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Tryst Paperback


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Product Details

  • Paperback: 86 pages
  • Publisher: Oberlin; 1st edition (April 15, 2009)
  • Language: English
  • ISBN-10: 0932440355
  • ISBN-13: 978-0932440358
  • Product Dimensions: 8.8 x 5.9 x 0.3 inches
  • Shipping Weight: 4 ounces (View shipping rates and policies)
  • Average Customer Review: 5.0 out of 5 stars  See all reviews (1 customer review)
  • Amazon Best Sellers Rank: #840,166 in Books (See Top 100 in Books)

Editorial Reviews

Review

Gleeful and gorgeous, delighted by puns and other wordplay (including words from French, Latin and Italian), Estes's fast-paced free verse, rich with internal rhyme, takes rightful pride in the beauties it flaunts and explains. Her fourth collection finds, for recurrent motifs, saints' lives, medieval manuscripts, gold leaf and the alphabet: "hearts bloom / out of Ds like lamb chop sleeves / in the script of the fifteenth-century / scribe"; in a gilded Book of Hours, "the letters / have fallen out of the words and lie / scattered on the ground." Each deft poem weaves together multiple topics--some art-historical, others autobiographical--through chains of homonyms and knotty analogies: "Take Cover" skates from the French "couvre feu, cover the fire" (the origin for our word "curfew") to disheveled bedcovers and 1950s-style duck-and-cover drills. Though Estes revels in European reference (Dante, Trieste, Greta Garbo), her matchless hunger for experience makes her indelibly American: "how the tongue / keeps lapping the world's / loot," she exclaims, "even in the 499th lap / of the Indy 500." The arts--from Cimabue's painting to haute cuisine--are for Estes never mere luxuries; rather, the arts, and our pride in them, give us the only effective countermeasures to loneliness, helplessness and serious pain. And pain--remembered or feared--is always somewhere: "So Near Yet So Far" connects a lunar eclipse, a film starring Fred Astaire and Rita Hayworth, a concept from high-energy plasma physics and "the necklace / of pearls my father bought my mother / for their forty-fifth wedding / anniversary, which she made him / take back."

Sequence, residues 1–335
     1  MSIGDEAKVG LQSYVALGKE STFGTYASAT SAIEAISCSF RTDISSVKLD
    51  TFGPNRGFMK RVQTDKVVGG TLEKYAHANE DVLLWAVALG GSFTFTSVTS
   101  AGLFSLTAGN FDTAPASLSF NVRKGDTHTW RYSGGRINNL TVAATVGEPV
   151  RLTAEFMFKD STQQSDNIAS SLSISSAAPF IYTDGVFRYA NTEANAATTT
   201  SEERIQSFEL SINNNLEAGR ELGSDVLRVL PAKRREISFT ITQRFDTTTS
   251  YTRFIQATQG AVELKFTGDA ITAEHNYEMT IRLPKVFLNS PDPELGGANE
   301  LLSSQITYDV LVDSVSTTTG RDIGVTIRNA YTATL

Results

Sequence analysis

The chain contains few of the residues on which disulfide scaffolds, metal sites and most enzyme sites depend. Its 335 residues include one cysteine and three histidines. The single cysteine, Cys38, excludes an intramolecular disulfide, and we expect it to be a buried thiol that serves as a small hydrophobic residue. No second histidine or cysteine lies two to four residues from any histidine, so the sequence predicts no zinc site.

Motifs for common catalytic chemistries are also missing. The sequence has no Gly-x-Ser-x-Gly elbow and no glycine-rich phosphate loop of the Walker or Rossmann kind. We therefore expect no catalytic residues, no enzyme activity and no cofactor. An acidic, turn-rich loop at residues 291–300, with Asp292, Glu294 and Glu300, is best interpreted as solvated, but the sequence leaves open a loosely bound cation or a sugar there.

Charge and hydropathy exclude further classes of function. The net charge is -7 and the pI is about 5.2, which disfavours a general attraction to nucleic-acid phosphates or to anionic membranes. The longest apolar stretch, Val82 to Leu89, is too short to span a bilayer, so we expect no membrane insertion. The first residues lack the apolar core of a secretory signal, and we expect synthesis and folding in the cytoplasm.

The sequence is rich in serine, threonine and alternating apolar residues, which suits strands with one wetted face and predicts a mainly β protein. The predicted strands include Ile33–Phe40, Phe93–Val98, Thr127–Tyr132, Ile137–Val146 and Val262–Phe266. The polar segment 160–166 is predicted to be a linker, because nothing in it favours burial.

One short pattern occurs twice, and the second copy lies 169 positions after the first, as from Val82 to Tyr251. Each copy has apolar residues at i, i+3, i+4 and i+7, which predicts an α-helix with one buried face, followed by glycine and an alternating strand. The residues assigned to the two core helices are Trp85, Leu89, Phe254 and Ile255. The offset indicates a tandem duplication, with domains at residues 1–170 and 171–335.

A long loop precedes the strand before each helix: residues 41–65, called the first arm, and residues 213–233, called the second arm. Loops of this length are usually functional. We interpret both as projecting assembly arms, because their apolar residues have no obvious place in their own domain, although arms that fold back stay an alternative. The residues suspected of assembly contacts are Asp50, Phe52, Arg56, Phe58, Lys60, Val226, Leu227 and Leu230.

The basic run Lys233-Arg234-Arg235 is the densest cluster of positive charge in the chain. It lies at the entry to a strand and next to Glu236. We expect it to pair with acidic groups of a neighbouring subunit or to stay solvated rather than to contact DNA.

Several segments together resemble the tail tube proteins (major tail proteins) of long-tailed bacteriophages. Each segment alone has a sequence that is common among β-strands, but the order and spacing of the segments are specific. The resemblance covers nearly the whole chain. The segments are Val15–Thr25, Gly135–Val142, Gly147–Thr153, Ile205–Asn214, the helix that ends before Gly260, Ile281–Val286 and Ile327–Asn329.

--Stephen Burt, New York Times Book Review

Review

"Her timing and her ever-inhibited instinct for poetic shape are the triumphs of a first-rate musical intelligence. Angie Estes is Fred Astaire and Ginger too: backwards in high heels, forward on rollerskates, never have classy and sexy been better matched." (Linda Gregerson)

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7 of 8 people found the following review helpful By A Reader in Lake Oswego on August 3, 2009
Format: Paperback
Estes's Tryst is an amazing work, the hallmark of which is the joy that radiates from every page...joy in language, joy in love, joy in popular culture, joy in the classics, joy in life. Estes can make you laugh and make you cry. She can baffle one minute and enlighten you the next. She plays games with her readers, and she doesn't mind appearing even a little foolish herself as she leads us gleefully through her meditations on experience, art, music, books, history, and everything that has caught her very keen eye.

The wealth of detail Estes brings to her work is rewarding and satisfying, but her ability to play with these details, to join, compare, juggle those things that seem dissimilar bears the mark of genius. Probably even more compelling is Estes's tone, her relationship with her reader. Do you remember that epigraph from The Great Gatsby? Fitzgerald writes,

Then wear the gold hat, if that will move her;
If you can bounce high, bounce for her too,
Till she cry "Lover, gold-hatted, high-bouncing lover,
I must have you!"

Estes is that high-bouncing lover. We, her readers, watch her stunning performance, we see her work feverishly to please us as she reaches for the heavens. And we are overwhelmed. We want her. We crave her poems. We want to immerse ourselves in her world. Her joy and her energy and her willingness to exert herself so generously compel us irresistibly.

I hope Estes keeps looking, living, and writing. We will be well rewarded by every poem she offers us. I eagerly await her next book, and I unreservedly recommend Tryst.
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